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Contxto – For the moment fintech founders and venture capital (VC) firms in Chile are celebrating. This week news broke that the government in Santiago is drafting a law to regulate fintechs. The proposal would then be presented to congress halfway through 2020.
Considering how slow legislative processes tend to be, this is quite speedy. So for fintechs, it’s seen as a sign of the value authorities are giving to their tech solutions.
“Finally!”, say fintechs in Chile
So why the rush?
Chile’s Minister of Finance, Ignacio Briones made the announcement to the country’s Commission on Economy.
Briones explained that his administration is prioritizing this law for multiple reasons. First (and probably foremost) on the grounds of furthering financial inclusion and creating jobs. He also cited that it would encourage healthy competition, as well as reduce costs within financial markets.
Those are all fairly valid arguments. But to that one can add that the coronavirus (Covid-19) pandemic and inbound economic recession likely highlighted these points further.
So it’s not under “ideal” circumstances that Chile is finally exploring this type of regulation. But either way, fintechs are pleased that it’s happening.
Ángel Sierra, Executive Director at the FinteChile Association emphasized that he hopes this law is evaluated quickly and that it be flexible too. Otherwise, it will backfire and inhibit innovation within the financial sector altogether.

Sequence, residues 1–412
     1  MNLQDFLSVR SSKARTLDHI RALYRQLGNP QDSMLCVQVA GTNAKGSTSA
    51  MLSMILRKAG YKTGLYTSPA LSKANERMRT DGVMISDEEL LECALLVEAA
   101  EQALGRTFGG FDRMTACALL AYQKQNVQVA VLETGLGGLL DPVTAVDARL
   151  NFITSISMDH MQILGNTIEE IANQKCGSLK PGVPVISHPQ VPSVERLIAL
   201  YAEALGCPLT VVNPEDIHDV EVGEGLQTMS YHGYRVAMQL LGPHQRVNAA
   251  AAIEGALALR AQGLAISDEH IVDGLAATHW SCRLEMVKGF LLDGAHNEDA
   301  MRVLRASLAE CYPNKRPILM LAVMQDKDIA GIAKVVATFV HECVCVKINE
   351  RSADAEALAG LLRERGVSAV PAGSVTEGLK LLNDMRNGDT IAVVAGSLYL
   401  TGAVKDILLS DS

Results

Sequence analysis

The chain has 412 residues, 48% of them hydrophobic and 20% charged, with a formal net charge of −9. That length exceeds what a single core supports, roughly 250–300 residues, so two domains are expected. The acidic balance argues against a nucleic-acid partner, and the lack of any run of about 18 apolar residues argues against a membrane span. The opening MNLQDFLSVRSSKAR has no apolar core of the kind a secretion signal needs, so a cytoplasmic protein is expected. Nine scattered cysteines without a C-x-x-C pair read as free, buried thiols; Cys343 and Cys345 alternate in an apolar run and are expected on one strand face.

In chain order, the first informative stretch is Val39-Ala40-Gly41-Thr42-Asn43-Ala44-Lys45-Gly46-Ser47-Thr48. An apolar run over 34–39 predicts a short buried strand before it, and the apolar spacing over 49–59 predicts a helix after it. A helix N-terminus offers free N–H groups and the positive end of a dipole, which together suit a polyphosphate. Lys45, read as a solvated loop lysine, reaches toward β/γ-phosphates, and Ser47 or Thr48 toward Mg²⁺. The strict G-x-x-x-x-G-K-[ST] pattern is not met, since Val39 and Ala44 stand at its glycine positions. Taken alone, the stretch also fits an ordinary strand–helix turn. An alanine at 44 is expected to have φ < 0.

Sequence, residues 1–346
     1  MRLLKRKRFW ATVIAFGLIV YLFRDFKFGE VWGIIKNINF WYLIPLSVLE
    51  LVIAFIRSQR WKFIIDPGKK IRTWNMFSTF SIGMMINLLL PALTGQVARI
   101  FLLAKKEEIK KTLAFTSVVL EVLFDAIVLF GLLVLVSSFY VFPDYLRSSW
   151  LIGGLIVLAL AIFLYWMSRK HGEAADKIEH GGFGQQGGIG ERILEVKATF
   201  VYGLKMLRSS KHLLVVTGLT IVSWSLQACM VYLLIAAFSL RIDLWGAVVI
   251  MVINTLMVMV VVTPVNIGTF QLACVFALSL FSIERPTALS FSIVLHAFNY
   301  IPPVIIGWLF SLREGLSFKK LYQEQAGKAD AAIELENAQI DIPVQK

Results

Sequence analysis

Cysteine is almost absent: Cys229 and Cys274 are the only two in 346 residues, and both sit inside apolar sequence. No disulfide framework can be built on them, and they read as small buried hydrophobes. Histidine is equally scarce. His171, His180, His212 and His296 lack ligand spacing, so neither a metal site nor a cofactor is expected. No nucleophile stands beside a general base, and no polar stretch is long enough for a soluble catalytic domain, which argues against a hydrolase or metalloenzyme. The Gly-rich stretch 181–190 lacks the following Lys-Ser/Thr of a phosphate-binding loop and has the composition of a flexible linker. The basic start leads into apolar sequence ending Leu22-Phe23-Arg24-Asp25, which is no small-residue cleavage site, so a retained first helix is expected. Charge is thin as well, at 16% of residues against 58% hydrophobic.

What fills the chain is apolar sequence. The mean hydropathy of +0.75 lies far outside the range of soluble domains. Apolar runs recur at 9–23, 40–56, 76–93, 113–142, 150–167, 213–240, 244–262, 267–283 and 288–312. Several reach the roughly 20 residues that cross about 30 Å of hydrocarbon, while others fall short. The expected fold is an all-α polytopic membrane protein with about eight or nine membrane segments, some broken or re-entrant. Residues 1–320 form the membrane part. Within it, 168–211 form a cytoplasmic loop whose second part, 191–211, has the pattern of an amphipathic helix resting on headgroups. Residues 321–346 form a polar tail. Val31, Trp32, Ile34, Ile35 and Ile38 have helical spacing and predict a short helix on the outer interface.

Sierra also stated that this law should be thought out to place Chile on the map as the financial hub within the region.
The need for regulation in the region
Mexico made headlines less than two years ago with legislative approval of its fintech law. After which it became quite the hotspot for startups and businesses with technological solutions in banking and finance. Now Chile wants to do the same.
Rightly so, fintechs can flourish under regulatory systems that aren’t too restrictive. Just the same, they can be weighed down by excessive requirements.
And at the moment, there’s still a lot of room to grow in the region as far as fintech laws are concerned. In that sense, Mexico is the only country with more robust regulation on the matter. Meanwhile, Colombia has a decree that validated crowdfunding back in 2018.
For Brazil, there’s no “all-encompassing” fintech law. But rather the Central Bank has played a role in enacting regulation that encourages the participation of loaning fintechs within the industry, for example.
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